War of the Rebellion: Serial 015 Page 0379 ChapterXXIV. BATTLE OF KERNSTOWN, VA.

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Numbers 23. Reports of Major General Thomas J Jackson, C. S. Army, Commanding the Valley Direct, with resolution of the Confederate Congress.


Rapidan, Va., March 25, 1862.

His Excellency the PRESIDENT:

SIR: I have just received the inclosed letter from General Jackson. He evidently attacked the enemy under a misapprehension as to his force. He had previously reported it reduced from about 28, 000 to 10,000 men. He now represents the Federal force in the valley as too strong to be driven back by a mere detachment of this army. In such an position our communications would be completely be complete exposed to McClellan.

It is reported that a bridge over the Shenandoah has been made on the Snickersville road.

Most respectfully, your obedient servant,




Near Newtown, Va., March 24, 1862.

GENERAL: As the enemy had been sending off troops from the district and from what I could learn were still doing so, and knowing your great desire to prevent it, and having a prospect of success, I engaged him yesterday about 3 p. m. near Winchester and fought until dusk, but his forces were so superior to mine that he repulsed me with the loss of valuable officers and men killed and wounded; but from the obstinacy with which our troops fought and from their advantageous position I am of the opinion that his loss was greater than mine in troops, but I lost one piece of artillery and three caissons.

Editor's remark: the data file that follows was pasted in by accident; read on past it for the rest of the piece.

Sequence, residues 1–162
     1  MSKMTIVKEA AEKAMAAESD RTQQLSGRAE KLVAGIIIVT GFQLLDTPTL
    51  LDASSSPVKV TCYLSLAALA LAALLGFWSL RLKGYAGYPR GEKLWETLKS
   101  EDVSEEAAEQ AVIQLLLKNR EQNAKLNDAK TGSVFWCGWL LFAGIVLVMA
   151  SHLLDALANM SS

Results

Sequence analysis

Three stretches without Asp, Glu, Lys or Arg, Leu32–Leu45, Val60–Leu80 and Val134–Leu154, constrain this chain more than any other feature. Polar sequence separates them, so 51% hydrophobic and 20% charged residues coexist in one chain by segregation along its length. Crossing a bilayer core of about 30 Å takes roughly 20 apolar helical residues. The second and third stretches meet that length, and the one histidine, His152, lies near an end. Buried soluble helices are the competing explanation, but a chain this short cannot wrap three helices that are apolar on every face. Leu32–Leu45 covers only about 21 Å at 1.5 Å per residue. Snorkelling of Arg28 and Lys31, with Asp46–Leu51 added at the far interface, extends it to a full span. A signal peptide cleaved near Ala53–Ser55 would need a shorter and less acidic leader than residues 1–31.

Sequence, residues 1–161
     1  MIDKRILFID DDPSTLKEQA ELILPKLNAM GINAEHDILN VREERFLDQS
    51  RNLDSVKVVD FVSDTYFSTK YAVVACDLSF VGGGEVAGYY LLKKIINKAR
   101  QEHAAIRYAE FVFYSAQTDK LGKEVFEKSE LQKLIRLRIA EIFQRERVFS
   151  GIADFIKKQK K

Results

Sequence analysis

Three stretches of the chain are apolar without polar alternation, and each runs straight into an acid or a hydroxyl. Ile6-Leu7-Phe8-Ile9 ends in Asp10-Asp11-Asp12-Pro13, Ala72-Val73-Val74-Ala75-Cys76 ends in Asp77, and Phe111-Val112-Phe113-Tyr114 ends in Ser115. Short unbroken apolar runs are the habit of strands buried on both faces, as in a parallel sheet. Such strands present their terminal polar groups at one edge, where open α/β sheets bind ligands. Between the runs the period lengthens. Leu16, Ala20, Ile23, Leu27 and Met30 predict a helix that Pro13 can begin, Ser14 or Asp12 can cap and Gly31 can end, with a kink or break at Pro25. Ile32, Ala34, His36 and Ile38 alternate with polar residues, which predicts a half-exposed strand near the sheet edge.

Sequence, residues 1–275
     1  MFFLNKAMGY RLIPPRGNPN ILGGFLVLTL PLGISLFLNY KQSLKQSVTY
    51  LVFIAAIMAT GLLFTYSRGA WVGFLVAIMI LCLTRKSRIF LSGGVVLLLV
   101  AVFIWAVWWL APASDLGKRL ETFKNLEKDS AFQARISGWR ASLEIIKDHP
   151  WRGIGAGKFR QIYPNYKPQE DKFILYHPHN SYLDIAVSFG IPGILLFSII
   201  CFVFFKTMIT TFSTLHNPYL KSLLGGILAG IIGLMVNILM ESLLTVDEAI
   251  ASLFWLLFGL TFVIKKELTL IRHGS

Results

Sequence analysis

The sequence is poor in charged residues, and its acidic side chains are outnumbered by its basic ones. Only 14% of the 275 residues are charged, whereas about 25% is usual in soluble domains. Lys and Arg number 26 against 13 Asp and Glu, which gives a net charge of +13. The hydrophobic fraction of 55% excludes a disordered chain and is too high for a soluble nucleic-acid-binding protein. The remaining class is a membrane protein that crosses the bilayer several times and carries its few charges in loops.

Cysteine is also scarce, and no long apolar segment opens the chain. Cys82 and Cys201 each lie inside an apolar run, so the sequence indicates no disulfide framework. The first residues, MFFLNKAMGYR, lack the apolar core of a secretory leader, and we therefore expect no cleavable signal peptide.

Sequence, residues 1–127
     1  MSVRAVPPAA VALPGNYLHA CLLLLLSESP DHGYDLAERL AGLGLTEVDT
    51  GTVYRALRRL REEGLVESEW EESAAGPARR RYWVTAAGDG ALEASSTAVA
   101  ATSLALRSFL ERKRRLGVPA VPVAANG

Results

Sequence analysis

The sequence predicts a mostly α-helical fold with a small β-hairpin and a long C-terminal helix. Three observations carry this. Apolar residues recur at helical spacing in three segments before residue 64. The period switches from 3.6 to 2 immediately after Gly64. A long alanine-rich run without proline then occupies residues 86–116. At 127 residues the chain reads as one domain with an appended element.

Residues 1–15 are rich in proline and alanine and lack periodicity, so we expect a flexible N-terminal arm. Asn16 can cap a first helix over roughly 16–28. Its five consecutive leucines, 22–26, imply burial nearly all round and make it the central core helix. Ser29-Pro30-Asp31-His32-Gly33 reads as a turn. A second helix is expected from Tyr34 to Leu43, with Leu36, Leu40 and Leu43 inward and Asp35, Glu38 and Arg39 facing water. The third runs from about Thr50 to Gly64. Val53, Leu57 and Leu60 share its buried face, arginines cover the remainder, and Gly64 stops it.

On Saturday two brigades went down to Berryville with their baggage. The supposition is that they have crossed at Castleman's Ferry. From a prisoners whom we took I learn that more troops had marching orders at Winchester. This fight will probably delay, if not prevent, their leaving, and I hope will retain others. From what I hear there are 15,000 troops at Berryville, Charlestown, and Harper's Ferry. Shield yesterday appears to have had seventeen regiments of infantry. I head he had much less much less when I made the attack. To drive him back if he advance I ought to have 5,000 infantry. I have enough artillery. The heavy guns were sent Gordonsville. I will they and my this side of Strasburg. My wagons have gone to the rear and my forces are waiting to see whether the enemy will advance. Ashby is about 5 miles from Winchester.

Respectfully, your obedient servant,



General JOSEPH E. JOHNSTON, Commanding Dist. Of Northern Va.


Near Mount Jackson, March 29, 1862.

MY DEAR GENERAL: My information, from a spy who left Winchester on day before yesterday, is that from 8,000 to 10,000 of the